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A Second Chance for Homely Peaches (Part I)

2012 November 19

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By Lena Kim

A tale of how things went from wasteful to wonderful in the Garden State

Peach-lovers living in and around New Jersey have it good, as the state ranks fourth in the nation for peach growing. We take day trips to our local orchards, baskets in arms, family members in tow, eagerly reaching for those fragrant, fuzzy orbs hanging from branches weighted down by their peachy parcels.

The one blemish on this otherwise joyous experience? That stab of guilt we feel as we carefully step over the scores of fallen, slightly bruised peaches, littering the orchard floor, as we reach for that perfect specimen, still hanging from the branch.

Our minds might wander to the fate of those countless sad, fallen fruits -“Will they be thrown away?”- yet we brush these unpleasant thoughts aside as we reach for that perfect specimen, still hanging from the branch.

And we’re right to feel guilty, because as it turns out, those fallen peaches we avoid represent a mere drop in the bushel of what ultimately gets discarded. An estimated one million – one million! – Jersey peaches are thrown into landfills each year. Not because they’re inedible, or severely bruised, but because they don’t meet size specifications or they have small blemishes that keep them from reaching our supermarket shelves. A situation that was no one’s fault, but a supply and demand issue.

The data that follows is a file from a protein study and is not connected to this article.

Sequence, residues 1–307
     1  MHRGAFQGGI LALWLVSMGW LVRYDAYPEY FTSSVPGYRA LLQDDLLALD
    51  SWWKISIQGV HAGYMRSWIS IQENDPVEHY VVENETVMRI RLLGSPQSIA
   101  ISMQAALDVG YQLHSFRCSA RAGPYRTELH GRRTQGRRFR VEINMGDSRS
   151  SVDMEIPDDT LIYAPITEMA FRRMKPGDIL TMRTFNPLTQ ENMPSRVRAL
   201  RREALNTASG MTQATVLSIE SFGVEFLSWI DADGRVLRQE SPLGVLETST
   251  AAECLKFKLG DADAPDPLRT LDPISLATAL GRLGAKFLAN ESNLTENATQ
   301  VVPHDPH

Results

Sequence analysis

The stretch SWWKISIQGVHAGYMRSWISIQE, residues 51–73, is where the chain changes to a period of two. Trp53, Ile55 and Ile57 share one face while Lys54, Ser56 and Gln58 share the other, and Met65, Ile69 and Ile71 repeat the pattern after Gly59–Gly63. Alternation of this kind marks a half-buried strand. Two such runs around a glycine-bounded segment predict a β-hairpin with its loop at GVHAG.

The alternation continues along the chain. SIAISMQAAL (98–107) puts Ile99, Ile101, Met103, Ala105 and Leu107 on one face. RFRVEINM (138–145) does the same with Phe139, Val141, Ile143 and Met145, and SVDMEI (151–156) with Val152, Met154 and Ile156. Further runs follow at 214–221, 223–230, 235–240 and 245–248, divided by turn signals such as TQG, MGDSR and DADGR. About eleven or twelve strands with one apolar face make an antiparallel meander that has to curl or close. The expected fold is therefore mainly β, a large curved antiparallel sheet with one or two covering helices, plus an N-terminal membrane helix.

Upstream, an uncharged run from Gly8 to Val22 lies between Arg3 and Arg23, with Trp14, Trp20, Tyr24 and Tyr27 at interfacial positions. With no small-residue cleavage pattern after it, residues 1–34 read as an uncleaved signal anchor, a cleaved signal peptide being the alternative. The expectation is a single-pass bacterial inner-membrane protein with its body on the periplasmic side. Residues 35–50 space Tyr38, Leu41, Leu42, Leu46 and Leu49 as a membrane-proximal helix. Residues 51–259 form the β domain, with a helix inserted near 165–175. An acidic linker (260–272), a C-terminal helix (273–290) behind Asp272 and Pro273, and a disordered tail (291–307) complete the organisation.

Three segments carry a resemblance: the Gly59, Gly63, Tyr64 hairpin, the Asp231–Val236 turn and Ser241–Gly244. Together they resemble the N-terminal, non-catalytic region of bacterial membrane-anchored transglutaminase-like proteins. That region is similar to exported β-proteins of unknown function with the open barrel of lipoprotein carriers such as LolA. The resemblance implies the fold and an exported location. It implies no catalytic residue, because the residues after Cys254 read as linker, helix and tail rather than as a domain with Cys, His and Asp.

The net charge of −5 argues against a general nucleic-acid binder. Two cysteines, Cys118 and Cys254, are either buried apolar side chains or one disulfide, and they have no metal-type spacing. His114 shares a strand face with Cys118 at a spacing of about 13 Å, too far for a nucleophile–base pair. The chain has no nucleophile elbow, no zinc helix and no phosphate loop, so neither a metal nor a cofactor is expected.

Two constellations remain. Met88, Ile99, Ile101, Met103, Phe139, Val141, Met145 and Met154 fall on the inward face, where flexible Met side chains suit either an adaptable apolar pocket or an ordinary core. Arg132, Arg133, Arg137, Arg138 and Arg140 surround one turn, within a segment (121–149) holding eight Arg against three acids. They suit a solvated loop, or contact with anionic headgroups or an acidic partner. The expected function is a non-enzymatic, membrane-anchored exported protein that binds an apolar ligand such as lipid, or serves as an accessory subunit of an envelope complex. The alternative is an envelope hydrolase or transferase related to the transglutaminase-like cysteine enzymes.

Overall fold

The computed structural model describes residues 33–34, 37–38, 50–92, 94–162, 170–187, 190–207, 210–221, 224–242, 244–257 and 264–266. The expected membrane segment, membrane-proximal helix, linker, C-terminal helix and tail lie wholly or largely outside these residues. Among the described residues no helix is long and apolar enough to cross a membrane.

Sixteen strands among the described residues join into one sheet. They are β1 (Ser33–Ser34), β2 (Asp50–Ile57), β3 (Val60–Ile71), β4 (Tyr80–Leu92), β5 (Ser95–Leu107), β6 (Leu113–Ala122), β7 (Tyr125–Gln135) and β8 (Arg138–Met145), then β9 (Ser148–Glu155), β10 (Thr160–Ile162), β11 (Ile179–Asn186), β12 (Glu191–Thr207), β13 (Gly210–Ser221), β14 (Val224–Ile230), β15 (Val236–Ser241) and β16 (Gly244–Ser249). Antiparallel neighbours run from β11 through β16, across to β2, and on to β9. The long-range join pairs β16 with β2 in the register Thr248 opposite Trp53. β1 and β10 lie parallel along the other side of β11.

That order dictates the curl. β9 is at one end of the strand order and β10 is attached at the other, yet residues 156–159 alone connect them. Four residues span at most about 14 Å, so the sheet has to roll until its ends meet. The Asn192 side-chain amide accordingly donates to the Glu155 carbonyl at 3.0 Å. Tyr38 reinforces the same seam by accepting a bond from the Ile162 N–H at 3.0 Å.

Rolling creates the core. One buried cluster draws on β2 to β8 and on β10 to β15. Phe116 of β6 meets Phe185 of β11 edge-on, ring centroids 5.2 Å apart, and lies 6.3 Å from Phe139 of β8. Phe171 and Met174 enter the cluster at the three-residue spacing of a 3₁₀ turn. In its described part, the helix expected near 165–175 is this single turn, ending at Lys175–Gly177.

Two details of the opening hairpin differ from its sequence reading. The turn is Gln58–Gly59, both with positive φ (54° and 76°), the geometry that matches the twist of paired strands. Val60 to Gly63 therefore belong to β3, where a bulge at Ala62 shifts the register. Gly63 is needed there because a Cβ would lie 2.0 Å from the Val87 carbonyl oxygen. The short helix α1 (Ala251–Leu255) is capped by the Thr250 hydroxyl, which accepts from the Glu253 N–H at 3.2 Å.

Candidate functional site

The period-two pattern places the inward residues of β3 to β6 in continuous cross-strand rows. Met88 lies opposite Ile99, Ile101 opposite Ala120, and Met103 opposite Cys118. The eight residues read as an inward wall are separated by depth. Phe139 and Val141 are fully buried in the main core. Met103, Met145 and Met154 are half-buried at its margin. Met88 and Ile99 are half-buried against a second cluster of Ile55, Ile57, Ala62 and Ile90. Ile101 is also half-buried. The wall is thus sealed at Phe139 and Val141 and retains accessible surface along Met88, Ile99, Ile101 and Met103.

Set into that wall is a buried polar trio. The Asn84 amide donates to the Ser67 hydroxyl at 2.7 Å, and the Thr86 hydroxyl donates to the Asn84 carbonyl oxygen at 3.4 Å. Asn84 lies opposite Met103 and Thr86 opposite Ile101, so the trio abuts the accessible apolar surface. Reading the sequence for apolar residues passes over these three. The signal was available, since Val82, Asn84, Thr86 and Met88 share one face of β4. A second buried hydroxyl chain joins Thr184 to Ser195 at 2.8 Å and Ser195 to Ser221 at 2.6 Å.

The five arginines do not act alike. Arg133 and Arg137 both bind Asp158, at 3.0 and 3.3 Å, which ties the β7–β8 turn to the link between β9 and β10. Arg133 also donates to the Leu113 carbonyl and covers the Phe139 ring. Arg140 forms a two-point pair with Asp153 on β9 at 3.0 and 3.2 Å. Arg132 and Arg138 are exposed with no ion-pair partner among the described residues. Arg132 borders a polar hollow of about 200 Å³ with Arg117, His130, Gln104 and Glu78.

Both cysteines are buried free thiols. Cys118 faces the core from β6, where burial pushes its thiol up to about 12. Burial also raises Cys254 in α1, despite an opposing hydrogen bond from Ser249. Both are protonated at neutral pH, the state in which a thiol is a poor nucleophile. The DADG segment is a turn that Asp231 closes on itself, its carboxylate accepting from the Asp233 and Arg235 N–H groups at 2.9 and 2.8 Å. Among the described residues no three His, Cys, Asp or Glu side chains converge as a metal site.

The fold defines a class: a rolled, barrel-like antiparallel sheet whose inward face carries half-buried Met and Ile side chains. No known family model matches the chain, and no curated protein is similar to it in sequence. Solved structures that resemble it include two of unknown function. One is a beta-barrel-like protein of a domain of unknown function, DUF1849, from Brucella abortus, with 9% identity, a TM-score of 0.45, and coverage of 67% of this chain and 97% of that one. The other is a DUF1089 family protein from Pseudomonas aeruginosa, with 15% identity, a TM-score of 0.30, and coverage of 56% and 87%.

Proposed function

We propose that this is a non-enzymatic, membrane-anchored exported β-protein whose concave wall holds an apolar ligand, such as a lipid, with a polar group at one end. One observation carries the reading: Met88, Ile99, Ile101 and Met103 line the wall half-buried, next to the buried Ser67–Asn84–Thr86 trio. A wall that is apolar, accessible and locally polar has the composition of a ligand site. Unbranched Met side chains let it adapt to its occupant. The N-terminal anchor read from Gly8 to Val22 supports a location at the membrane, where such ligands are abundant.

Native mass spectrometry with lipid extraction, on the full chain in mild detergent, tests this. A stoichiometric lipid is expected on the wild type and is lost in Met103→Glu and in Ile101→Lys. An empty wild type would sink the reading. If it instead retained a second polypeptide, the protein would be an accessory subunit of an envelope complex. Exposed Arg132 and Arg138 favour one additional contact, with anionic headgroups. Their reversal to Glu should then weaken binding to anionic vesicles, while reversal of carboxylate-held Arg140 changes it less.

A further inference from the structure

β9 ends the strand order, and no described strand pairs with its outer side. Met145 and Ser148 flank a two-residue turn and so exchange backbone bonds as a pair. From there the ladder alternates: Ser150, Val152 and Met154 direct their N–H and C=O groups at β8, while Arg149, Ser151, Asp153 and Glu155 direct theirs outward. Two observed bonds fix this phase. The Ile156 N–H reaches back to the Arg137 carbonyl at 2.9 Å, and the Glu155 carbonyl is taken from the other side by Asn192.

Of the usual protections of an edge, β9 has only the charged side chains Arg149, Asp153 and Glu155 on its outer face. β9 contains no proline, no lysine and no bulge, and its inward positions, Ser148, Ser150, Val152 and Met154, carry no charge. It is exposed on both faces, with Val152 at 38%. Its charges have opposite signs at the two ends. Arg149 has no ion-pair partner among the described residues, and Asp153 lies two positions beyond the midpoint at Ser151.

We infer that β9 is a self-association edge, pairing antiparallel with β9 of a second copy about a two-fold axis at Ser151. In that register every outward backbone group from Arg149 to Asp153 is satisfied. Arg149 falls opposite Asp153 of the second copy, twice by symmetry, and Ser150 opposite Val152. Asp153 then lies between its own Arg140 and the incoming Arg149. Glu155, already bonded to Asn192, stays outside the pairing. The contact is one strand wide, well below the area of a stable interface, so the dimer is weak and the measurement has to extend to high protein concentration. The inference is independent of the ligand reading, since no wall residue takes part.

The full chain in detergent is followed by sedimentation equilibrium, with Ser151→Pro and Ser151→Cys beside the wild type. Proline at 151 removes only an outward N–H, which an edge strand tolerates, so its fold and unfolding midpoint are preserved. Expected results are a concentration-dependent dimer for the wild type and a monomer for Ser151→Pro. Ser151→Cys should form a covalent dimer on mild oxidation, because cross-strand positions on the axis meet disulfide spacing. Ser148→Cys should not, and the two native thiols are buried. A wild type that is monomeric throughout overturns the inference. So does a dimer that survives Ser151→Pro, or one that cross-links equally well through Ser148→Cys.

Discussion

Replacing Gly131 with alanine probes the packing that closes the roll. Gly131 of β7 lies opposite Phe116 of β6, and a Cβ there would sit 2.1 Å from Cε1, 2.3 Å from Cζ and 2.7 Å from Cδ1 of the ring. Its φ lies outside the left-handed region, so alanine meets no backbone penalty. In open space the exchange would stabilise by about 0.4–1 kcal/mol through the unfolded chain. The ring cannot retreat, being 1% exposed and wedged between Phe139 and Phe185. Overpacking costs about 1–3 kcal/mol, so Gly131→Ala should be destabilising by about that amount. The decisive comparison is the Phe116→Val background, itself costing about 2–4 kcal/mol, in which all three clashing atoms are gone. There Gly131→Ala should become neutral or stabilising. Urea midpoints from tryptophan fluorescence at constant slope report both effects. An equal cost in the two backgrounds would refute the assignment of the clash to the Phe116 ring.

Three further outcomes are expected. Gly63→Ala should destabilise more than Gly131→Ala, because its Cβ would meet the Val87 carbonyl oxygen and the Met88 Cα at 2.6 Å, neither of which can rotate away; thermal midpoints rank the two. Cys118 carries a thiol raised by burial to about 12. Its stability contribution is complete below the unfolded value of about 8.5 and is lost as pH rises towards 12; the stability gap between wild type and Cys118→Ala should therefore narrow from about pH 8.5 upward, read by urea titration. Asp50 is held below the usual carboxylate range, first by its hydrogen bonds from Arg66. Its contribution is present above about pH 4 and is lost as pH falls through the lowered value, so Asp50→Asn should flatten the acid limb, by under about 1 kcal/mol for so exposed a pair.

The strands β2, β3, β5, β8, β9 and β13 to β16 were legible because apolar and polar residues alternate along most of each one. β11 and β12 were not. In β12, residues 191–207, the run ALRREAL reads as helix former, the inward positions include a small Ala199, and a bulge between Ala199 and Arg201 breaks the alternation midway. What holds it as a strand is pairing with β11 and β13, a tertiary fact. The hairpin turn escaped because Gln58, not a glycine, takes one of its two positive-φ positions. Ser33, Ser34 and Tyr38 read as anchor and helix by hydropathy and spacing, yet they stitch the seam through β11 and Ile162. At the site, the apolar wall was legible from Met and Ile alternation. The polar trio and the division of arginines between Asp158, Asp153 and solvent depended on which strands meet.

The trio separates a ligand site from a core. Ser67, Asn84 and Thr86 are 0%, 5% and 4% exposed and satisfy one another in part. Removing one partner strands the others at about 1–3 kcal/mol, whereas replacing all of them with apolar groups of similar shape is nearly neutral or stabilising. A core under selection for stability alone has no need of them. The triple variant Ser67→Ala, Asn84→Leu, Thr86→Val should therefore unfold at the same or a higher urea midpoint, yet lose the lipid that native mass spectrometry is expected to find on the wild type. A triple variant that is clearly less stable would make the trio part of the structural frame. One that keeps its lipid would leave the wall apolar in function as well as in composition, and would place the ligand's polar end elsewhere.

The sad fact of the matter, my fellow Americans- we don’t like ugly peaches, so stores don’t stock them.

And these discarded peaches are just a miniscule fraction of the approximately 33 million tons of food waste that is tossed in landfills nationwide. And this story goes from bad to worse. Food in landfills produces methane, a harmful greenhouse gas that pollutes our air, as outlined in link to FRC main page.

In this season of celebrating nature’s bounty, there exists an ironic twist of fate. While a significant portion of food dumped into landfills is healthy, edible food (think of those blemished, yet otherwise perfectly edible peaches), approximately 14 percent of American households are unsure as to where there next meal will come from.

All is not the pits, thanks to a unique partnership between the Food Bank of South Jersey, local growers and Campbell Soup Company. Unable to stomach these bruising statistics any longer, these organizations have cultivated an ingenious way to help families in need, while saving space in landfills with a deliciously homegrown product.

Stay tuned for Part II of Second Chance for Homely Peaches in an upcoming blog post, to discover the happy ending to this juicy saga of loss… and of rescue.

About the author: Lena Kim works with EPA’s Food Recovery Challenge team. She lives in Center City Philadelphia, and frequents New Jersey orchards with friends & family. For more information about where to find the Just Peachy Salsa, click here.

Editor's Note: The opinions expressed here are those of the author. They do not reflect EPA policy, endorsement, or action, and EPA does not verify the accuracy or science of the contents of the blog.

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2 Responses leave one →
  1. wade permalink
    November 19, 2012

    Before we put an ugly stamp on methane gas give consideration to the fact that the methane gas can be captured, and is being done as such, at many landfill sites and sold to commerical and industrial users for heating applications in place of natural gas. Also, many wastewater treatment plants use the methane to dry and condition biomass so as to be land applied, replacing/supplementing the use of fertilizer on pasture management.

  2. Rebecca permalink
    May 2, 2013

    Yes Wade,
    but since food decomposes so rapidly compared to other solid waste landfill components, much of the methane is released into the atmosphere before the landfill is topped and the methane is captured.
    Food for thought.

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